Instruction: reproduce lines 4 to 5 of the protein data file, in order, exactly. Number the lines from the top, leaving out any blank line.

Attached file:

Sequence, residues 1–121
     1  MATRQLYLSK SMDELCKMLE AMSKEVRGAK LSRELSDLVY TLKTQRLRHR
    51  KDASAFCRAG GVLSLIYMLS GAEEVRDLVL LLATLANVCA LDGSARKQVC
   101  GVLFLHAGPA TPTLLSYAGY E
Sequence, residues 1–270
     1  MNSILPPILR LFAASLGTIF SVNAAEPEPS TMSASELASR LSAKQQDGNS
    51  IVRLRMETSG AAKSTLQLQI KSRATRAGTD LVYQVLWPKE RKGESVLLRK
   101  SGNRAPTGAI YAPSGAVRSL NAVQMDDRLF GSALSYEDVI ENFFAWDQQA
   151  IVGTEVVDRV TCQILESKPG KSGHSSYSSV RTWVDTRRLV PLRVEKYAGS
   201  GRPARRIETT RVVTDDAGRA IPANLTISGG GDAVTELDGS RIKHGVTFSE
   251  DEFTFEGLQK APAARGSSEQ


   101  GVLFLHAGPA TPTLLSYAGY E
Sequence, residues 1–270